Theodore Hunt and the US Navy - Captain Theodore Hunt, US Navy, was born near Trenton New Jersey and entered the US Navy as a midshipman in 1798. By 1803 he was the third ranking Lieutenant on the frigate USS Philadelphia, under the command of Captain William Bainbridge, serving during the First Barbary War (1801-1805) in the Mediterranean. On October 31, 1803 the Philadelphia ran aground on an uncharted rock in Tripoli harbor. Ultimately Bainbridge was forced to surrender. He and his crew of 307 (including Lt. Hunt) were held prisoners by Tripoli for 19 months. By the Treaty of Peace with the Pasha of Tripoli, the officers and crew were released for ransom on June 3, 1805. After enquiry into the loss of the Philadelphia, Bainbridge was furloughed for service in the merchant service. It can be assumed that this was also the case for Lt. Hunt and is the reason this letter was written on his behalf by Commodore Rodgers. Hunt was later commander of the USS brig Hornet from October 1809 to May 1810. He wrote to Oliver Hazard Perry in 1810 from the Hornet to inform him he was to be a member of a court-martial. He resigned his commission in somewhat murky conditions in May 1811, thirteen months before the start of the War of 1812. This was after a thirteen year career with the US Navy. He then performed a voyage to China for John Jacob Aster. He finally left the sea and moved to St Louis MO.
Theodore Hunt's move to St. Louis may have been prompted by his cousin Wilson Price Hunt (1783-1842), partner with John Jacob Aster, in the Pacific Fur Company and leader of an expedition from St. Louis to the northwest and Astoria in 1810-12. After arrival in St. Louis Theodore Hunt met Ann Lucas (1796-1869) daughter of Jean B. C. Lucas (1758-1842) one of St. Louis’ most successful land speculators. Hunt and 18-year-old Ann were married on June 23, 1814, witnessed by Gov. William Clark. They lived for a time in a house on the SW corner of 2nd and Spruce St. which had been purchased from Manuel Lisa. Hunt became a not-too-successful merchant in partnership with Lisa in the Missouri Fur Company until 1817. He made a trip up the Missouri River with Lisa during this period. In 1817 after Ann’s brother Charles was killed in a dual with Thomas Hart Benton, the couple bought and lived on property in South St. Louis County on Gravois Road that was later to become Fredrick Dent’s home White Haven. They sold the property to Dent in 1820. The Hunts then moved to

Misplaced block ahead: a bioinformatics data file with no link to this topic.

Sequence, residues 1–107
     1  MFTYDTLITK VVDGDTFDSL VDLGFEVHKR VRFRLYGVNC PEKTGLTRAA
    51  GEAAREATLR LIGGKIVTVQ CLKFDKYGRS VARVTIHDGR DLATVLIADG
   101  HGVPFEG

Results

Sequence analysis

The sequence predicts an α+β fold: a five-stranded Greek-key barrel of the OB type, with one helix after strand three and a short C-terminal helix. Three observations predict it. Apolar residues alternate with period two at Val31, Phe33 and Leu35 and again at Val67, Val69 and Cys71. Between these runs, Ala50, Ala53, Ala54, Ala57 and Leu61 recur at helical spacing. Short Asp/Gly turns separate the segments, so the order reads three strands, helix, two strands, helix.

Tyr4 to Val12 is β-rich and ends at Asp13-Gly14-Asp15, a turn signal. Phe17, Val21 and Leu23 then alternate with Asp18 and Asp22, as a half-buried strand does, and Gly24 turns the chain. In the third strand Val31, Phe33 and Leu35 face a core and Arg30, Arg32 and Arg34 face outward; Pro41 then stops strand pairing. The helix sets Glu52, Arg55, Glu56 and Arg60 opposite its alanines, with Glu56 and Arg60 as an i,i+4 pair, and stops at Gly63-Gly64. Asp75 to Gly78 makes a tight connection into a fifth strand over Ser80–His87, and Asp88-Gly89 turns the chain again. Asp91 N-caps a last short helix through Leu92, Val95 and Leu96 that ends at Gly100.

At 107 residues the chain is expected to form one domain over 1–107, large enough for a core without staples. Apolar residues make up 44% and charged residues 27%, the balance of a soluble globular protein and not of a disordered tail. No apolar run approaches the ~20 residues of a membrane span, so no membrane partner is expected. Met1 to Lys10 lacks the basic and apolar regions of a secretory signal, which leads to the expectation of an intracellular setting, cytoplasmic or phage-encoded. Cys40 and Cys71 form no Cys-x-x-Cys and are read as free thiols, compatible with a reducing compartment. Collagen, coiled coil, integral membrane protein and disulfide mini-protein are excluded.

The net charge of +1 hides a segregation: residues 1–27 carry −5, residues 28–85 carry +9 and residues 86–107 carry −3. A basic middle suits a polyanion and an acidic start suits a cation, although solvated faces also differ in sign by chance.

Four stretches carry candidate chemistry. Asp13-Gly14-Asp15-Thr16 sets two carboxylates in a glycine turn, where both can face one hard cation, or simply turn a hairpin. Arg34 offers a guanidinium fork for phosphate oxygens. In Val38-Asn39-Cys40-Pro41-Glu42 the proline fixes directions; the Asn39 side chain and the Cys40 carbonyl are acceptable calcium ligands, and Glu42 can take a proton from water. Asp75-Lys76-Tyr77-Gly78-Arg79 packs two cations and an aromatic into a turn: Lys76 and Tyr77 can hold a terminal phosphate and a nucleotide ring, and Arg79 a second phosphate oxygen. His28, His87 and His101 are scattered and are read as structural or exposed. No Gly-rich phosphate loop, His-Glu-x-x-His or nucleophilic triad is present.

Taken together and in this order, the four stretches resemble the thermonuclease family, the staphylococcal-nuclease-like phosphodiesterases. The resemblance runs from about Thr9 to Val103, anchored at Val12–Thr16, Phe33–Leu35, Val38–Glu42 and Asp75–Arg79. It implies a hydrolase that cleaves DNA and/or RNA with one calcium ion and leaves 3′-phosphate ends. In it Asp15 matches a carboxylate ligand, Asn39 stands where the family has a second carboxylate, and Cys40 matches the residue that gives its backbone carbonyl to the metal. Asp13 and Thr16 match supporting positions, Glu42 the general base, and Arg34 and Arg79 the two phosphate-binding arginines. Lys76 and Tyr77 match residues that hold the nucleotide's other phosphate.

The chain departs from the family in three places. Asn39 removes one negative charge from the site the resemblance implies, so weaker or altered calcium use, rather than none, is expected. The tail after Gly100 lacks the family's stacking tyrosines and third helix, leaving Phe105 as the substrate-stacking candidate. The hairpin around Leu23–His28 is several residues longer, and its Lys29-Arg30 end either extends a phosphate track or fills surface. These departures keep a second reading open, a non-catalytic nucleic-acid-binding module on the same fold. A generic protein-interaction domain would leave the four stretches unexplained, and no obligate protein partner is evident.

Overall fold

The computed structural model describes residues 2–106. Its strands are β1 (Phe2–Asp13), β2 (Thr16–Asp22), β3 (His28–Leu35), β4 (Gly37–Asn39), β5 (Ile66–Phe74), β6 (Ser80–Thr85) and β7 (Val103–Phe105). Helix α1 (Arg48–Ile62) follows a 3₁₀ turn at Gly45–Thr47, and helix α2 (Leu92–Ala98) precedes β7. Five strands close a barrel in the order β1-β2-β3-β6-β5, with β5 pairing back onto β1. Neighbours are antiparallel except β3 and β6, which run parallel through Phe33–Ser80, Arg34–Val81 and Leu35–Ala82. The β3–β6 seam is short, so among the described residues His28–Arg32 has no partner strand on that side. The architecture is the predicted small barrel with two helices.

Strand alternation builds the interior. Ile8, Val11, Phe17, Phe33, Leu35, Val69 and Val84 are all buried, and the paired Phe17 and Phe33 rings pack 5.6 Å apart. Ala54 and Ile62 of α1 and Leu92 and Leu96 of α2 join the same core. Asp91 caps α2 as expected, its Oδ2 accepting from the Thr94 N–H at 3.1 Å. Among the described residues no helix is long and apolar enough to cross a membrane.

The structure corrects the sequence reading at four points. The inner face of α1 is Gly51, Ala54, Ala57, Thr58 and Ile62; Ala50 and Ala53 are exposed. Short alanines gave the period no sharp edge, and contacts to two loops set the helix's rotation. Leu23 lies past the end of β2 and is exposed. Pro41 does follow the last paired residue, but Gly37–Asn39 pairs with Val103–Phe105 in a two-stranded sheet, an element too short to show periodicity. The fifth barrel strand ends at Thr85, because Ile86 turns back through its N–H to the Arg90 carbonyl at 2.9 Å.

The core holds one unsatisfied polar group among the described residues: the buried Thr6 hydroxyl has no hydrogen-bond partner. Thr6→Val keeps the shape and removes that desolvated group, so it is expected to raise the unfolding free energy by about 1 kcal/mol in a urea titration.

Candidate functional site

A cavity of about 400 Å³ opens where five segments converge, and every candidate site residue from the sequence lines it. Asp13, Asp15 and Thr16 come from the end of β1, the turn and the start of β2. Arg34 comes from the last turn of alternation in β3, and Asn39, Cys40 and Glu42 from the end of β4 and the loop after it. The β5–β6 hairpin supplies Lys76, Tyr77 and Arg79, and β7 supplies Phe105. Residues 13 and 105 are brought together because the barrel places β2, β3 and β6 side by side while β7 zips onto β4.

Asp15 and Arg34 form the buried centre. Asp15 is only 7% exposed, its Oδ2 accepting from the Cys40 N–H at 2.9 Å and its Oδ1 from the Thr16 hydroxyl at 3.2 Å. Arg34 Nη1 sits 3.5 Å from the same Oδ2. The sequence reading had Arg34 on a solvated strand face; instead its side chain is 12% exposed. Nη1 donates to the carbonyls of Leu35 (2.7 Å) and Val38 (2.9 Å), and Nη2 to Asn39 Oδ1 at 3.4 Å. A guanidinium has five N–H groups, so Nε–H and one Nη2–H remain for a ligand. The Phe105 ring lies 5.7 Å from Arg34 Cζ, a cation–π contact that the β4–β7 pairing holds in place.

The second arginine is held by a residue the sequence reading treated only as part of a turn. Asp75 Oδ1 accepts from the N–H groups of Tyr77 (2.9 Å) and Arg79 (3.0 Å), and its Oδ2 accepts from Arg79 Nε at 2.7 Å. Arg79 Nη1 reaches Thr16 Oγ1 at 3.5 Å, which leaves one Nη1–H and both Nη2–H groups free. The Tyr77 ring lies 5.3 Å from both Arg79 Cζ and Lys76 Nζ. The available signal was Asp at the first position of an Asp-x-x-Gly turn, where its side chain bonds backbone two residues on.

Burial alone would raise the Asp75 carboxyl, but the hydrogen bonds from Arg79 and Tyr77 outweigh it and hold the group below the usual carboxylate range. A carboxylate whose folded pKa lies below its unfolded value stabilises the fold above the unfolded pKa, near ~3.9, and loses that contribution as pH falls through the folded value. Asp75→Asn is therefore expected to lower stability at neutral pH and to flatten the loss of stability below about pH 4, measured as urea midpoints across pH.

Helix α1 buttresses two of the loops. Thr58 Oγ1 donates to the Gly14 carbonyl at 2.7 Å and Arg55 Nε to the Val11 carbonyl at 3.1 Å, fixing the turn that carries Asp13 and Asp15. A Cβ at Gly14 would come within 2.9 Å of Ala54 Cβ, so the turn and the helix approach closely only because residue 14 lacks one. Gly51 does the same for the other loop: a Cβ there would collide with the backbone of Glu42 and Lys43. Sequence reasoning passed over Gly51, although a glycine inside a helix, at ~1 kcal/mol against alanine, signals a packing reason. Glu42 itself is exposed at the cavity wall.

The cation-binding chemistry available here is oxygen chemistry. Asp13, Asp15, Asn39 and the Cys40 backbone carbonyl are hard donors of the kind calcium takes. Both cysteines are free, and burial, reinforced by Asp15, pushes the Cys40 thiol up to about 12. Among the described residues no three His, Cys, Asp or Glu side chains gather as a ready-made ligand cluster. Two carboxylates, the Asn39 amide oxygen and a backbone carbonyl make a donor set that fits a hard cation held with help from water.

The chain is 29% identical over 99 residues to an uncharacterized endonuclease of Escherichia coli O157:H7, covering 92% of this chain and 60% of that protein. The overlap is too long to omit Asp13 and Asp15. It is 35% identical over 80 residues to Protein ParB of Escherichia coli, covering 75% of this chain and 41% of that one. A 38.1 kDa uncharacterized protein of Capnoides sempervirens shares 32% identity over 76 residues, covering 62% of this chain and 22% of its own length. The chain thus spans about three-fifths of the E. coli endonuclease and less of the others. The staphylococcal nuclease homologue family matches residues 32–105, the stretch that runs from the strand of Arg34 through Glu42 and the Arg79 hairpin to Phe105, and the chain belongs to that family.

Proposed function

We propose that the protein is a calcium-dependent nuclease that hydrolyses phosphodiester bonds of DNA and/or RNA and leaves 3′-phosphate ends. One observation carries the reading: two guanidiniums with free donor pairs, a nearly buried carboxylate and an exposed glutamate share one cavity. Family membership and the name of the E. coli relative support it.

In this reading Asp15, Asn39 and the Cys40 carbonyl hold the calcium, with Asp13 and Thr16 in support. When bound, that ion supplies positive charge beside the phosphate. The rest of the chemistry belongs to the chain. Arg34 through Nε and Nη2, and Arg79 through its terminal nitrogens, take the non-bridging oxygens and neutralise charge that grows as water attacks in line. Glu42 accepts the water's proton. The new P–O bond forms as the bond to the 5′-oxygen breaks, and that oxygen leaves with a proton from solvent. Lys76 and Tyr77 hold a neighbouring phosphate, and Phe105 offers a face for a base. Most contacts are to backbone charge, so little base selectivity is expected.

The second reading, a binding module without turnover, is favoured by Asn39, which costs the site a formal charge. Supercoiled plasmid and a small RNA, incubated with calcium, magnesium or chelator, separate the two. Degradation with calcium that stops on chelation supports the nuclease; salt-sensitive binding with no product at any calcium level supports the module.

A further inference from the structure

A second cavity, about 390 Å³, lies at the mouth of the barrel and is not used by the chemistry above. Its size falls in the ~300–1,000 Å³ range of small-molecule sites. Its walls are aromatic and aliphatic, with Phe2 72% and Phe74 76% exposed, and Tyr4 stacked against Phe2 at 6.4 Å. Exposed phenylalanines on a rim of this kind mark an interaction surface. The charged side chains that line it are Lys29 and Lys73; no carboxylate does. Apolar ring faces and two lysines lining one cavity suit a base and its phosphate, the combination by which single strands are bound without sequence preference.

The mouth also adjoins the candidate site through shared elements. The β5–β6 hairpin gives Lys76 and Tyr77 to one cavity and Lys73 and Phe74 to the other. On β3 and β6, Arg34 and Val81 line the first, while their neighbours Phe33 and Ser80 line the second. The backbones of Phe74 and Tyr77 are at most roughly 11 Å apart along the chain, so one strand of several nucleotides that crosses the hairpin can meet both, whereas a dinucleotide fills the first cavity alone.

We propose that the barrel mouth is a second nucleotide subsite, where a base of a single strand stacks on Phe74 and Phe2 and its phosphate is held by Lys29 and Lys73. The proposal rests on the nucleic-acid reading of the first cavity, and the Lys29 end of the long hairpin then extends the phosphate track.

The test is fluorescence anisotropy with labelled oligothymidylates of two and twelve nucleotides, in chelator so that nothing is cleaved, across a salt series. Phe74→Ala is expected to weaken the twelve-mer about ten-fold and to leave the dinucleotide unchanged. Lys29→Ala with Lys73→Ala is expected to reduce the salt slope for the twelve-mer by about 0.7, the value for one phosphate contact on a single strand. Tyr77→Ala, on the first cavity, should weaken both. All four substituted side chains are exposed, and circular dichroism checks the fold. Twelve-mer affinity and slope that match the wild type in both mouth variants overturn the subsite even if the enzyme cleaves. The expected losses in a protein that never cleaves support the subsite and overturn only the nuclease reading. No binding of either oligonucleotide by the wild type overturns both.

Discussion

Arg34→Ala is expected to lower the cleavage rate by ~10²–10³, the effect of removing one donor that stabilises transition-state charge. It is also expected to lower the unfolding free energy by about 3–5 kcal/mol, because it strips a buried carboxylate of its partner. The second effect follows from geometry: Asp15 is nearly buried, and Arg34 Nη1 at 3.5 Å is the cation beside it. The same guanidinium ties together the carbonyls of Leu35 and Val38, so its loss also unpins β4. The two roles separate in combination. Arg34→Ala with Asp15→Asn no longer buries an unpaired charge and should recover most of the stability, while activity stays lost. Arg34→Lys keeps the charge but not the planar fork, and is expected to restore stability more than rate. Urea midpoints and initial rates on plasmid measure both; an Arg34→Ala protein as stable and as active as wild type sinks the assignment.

Lucas property in what was later to be the City of Normandy (named by her father after his home province in France). They built a home on a plot of 120 acres. In 1824 Hunt was appointed Federal Recorder of Land Titles by Monroe. His detailed minutes as reorder were to become of great historical value. This job was lost with the coming of Jackson’s administration in 1829. Shortly after this he suffered a stroke and gradually declined until his death Jan. 21, 1832. He left behind his wife Ann and three surviving children.
Ann married her husband’s cousin Wilson Price Hunt in 1836, who in turn died in 1842. In 1850/51 Ann and her brother James H. Lucas, laid out an upscale residential neighborhood on a section of a farm they had inherited from their father. The main thoroughfare was called Lucas Place. Ann lived at #1706 and James at #1515. Robert Campbell, whose home is still still standing, lived at #1508. The large amount of property originally owned by the Lucas family and Ann Lucas Hunt in what is now Normandy MO must have lead to the naming of Lucas and Hunt Road in North St. Louis County.